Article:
"Know everything about the topic; have the facts to back it up," he implored.

Once a credit manager has the ear of the top brass, being a little more direct with a message, especially the need for more or continuing education for credit department staff, becomes all the more effective. One gem O'Brien imparted was: "If you think education is expensive, try ignorance."

- Brian Shappell, CBA, NACM staff writer

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U.S. Wins Trade Dispute with China over Electronic Payment Services

The U.S. prevailed in one of its many World Trade Organization (WTO) disputes with China this week. Specifically, the global trade body found that China's policies toward foreign suppliers of electronic payment services (EPS) were discriminatory, as the U.S. had alleged in its original complaint.

China's trade policies have often been criticized for being borderline nationalistic, heavily favoring state or domestic suppliers while hamstringing their foreign equivalents. But as the country's role in the global market continues to expand, the pressure to create fair and open markets has increased, most notably from the U.S., which has used WTO disputes to challenge Chinese policies on everything from sales of rare earths, to American automobiles, and now, to electronic payment options.

"This decision will help U.S. companies and increase American jobs as a more efficient credit and debit payment system in China enables consumers to buy more goods, including quality, made-in-America products," said U.S. Trade Representative Ron Kirk. "The WTO panel agrees that China's pervasive and discriminatory measures deny a level playing field to American service providers, which are world leaders in this sector."

Each year well over $1 trillion worth of electronic payment card transactions are processed in China, nearly all of them through China's state-owned company, China Union Pay (CUP). The People's Bank of China, which regulates EPS in China, issued a series of measures dating back to 2001 that discriminate against foreign suppliers of EPS at every stage of a payment card transaction, imposing requirements on institutions in China that issue payment cards, on all point-of-sale terminal and payment card processing equipment in China, and on the institutions in China that have the relationship with the EPS supplier and handle payment card transactions for Chinese merchants.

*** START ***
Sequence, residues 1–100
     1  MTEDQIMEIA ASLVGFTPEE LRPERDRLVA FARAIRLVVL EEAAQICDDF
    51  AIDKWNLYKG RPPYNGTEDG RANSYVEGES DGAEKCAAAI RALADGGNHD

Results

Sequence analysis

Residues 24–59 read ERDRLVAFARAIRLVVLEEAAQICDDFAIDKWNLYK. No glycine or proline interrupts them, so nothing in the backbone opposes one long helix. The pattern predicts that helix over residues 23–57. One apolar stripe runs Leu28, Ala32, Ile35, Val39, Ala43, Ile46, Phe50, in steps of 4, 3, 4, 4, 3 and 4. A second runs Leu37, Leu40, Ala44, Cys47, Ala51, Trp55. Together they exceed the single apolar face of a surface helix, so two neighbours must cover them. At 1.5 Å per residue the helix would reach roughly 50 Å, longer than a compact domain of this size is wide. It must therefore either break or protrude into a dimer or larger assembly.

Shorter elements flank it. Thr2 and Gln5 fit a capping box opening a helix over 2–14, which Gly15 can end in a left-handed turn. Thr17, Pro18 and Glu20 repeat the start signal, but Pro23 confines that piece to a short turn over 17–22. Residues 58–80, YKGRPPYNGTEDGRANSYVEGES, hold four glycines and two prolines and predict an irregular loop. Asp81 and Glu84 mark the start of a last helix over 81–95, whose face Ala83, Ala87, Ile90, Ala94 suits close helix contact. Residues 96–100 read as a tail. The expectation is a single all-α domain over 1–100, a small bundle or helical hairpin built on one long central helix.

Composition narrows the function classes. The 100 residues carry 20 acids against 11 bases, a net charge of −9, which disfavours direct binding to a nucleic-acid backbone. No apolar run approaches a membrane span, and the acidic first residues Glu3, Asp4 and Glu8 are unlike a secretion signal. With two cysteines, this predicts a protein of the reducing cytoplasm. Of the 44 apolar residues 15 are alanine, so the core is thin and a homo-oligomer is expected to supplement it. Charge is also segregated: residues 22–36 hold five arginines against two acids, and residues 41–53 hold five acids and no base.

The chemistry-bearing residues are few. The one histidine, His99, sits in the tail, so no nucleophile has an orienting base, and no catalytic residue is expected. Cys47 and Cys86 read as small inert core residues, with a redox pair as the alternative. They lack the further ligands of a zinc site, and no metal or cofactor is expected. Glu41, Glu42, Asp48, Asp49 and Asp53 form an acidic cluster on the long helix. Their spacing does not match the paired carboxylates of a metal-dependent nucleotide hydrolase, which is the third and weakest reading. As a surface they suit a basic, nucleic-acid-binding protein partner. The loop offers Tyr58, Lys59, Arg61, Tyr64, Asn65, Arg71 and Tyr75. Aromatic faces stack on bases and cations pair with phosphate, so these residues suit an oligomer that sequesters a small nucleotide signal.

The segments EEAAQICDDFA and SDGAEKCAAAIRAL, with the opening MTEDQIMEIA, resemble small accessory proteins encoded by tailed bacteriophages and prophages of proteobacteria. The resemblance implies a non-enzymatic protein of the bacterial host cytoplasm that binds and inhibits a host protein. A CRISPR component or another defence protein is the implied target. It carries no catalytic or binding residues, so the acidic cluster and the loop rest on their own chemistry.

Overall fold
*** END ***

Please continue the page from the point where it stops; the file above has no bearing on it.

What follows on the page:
"Open financial services markets are critical, and China should honor its WTO commitments and eliminate this discrimination," said Kirk.

- Jacob Barron, CICP, NACM staff writer

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Many sections within the chapters have also been reworked, including those covering cellphone-based collection efforts, FTC rulemaking in terms of decedent estates and data security/breach initiatives at the federal government level.

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Tribune Bankruptcy Saga Essentially Over

In a case that highlighted some of the problems with the bankruptcy system and the delays that infighting among stakeholders can cause, struggling newspaper publisher Tribune Company appears to have finally satisfied a Delaware-based bankruptcy judge with its Chapter 11 reorganization plan. Still, it did so after exhausting a significant amount of financial resources from an already inadequate pool available for its creditors.

U.S. District Court Judge for the Third Circuit Kevin Carey approved Tribune's plan to exit Chapter 11 almost four years after its filing and noted he will confirm the plan following a few minor changes. The plan will leave the company essentially under the control of three parties: Oaktree Capital Management, JPMorgan Chase and Angelo, Gordon & Co. The same judge had rejected three prior plans and noted in November that he wanted significant concessions for lower level creditors and bondholders who were left with little to nothing in the ownership's original plan and first follow-up. Granted, Carey dismissed some lingering complaints by creditors in last week's hearing.

Tribune became a dubious symbol of the massive problems facing publicly-held media and publishing organizations and was dealt a number of setbacks in its languishing Chapter 11 reorganization process. Tribune was particularly exposed during the process for what was described as a reckless, "good-old-boys' club" mentality in internal policies and in its botched leveraged buyout about four years ago.

- Brian Shappell, CBA, NACM staff writer